The Academic Minute from 11.09 – 11.13
Monday, November 9th
Richard Rosenfeld – SUNY Downstate Medical Center
Lifestyle Medicine and COVID-19
Richard Rosenfeld, MD, MPH, MBA is Distinguished Professor and Chairman of Otolaryngology at SUNY Downstate Health Sciences University, in Brooklyn, New York. He serves as Program Director for residency training, CEO of the University Physicians of Brooklyn ENT Faculty Practice, and Chair of the SUNY Downstate Committee for Plant-based Health and Nutrition. Dr. Rosenfeld follows a whole food, plant-based diet, runs marathons, and enjoys regular weight training. He participates in the American College of Lifestyle Medicine as an invited member of the Research Committee and Expert Panel, and chairs the Expert Consensus Panel on using a plant-based diet to treat and reverse type 2 diabetes.
Tuesday, November 10th
Andrew Kahn – SUNY Buffalo State
Story-Based Learning: Re-engaging a Disconnected Generation
Drew Kahn is a Distinguished Service Professor at SUNY Buffalo State where he has taught acting, devised theater (President’s Award for Excellence in Teaching/SUNY) and directed productions (Kennedy Center Award) for 26 years. He taught K-12 populations for 10 years previous to his work in higher education. He is the Founding Director of The Anne Frank Project, a multi-layered social justice initiative at SUNY Buffalo State that utilizes the wisdom of Anne Frank as a springboard for the examination of genocide and intolerance through the lens of story and performance. He presents and teaches internationally on the universal language of theater and the intersection of story, conflict resolution and community building—most recently in Rwanda, Kenya, Switzerland, the Democratic Republic of the Congo, Burma, Viet Nam, Morocco, New Zealand, Greece, Croatia and Turkey (Toby Ticktin Back Award for Holocaust Education, Community Leader Award, National Federation for Just Communities).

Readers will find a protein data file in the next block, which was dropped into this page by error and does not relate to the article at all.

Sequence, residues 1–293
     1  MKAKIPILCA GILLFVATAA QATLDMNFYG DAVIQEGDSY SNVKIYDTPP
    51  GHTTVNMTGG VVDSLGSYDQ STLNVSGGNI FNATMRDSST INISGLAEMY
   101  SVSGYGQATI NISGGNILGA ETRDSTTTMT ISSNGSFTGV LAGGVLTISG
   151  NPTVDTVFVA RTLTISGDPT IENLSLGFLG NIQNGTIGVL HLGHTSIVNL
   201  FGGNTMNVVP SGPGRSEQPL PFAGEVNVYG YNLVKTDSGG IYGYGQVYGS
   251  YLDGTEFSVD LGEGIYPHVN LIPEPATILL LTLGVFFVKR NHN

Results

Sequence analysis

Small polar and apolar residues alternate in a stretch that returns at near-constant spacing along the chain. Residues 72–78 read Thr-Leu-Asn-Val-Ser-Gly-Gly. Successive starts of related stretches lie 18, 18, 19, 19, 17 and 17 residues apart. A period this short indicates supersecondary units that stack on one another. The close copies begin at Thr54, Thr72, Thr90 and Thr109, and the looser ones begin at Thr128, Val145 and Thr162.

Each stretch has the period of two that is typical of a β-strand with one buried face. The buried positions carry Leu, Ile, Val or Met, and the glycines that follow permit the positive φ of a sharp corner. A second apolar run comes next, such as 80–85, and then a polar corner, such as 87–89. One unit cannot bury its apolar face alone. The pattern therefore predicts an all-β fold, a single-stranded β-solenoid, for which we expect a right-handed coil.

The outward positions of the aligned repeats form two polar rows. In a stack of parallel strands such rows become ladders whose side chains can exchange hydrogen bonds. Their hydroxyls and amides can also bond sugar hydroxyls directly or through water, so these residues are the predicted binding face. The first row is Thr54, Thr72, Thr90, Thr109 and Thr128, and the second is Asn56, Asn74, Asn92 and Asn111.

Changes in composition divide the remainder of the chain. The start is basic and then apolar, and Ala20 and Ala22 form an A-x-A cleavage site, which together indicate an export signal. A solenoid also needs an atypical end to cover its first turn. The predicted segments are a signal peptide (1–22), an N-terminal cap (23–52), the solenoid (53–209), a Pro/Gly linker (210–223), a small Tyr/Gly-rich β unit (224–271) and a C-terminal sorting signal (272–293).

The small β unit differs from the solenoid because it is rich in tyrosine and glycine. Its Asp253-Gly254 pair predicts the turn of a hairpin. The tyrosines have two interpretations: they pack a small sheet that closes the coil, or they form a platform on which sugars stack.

Wednesday, November 11th
Steven Fliesler – University at Buffalo
Searching for Answers to the Mystery of a Hereditary Blinding Disorder
After completion of a B.A. in Biochemistry at the University of California, Berkeley, Dr. Fliesler obtained a Ph.D. in Biochemistry from Rice University and did a postdoctoral fellowship at the Cullen Eye Institute, Baylor College of Medicine, in Houston. He held faculty appointments at Baylor College of Medicine, University of Miami Miller School of Medicine, and Saint Louis University School of Medicine prior to joining the faculty of the Jacobs School of Medicine and Biomedical Sciences at the University at Buffalo in 2008. His research is focused on inborn errors of lipid metabolism and their impact on the structure and function of the retina, as well as blast injury to the eye. His research program has been funded continuously for nearly 40 years by multiple grants from the National Eye Institute/NIH and, more recently, the Department of Veterans Affairs.
Thursday, November 12th
Miriam Rafailovich – Stony Brook University
Nanotechnology: An Example of Science with Social Responsibility
Miriam Rafailovich is a materials engineering researcher. She is the director of the Garcia Materials Research Science and Engineering Center at Stony Brook University as well as former co-director of the Chemical and Molecular Engineering program at Stony Brook University. Her publications focus mainly on nanoscale materials engineering, including nanofibers, supercritical carbon dioxide, and biodegradable polymers.
Friday, November 14th
Todd Sacktor – SUNY Downstate Medical Center
Todd C. Sacktor is Distinguished Professor of Physiology & Pharmacology, Anesthesiology, and Neurology at SUNY Downstate Medical Center. He received an A.B. from Harvard College in 1978, and an M.D. with Distinction for Research in Neuroscience from the Albert Einstein College of Medicine in 1982. After a residency in Neurology at Columbia Presbyterian Medical Center, he studied the role of protein kinase C (PKC) in short-term memory using the model system Aplysia californica, in the laboratory of Dr. James H. Schwartz, at the Center for Neurobiology and Behavior, directed by Dr. Eric R. Kandel. In his own laboratory at SUNY Downstate in 1990, he discovered a brain-specific PKC isoform, PKMzeta. Together with colleagues, his laboratory demonstrated that PKMzeta was both necessary and sufficient for maintaining long-term potentiation (LTP) and storing the long-term memory trace.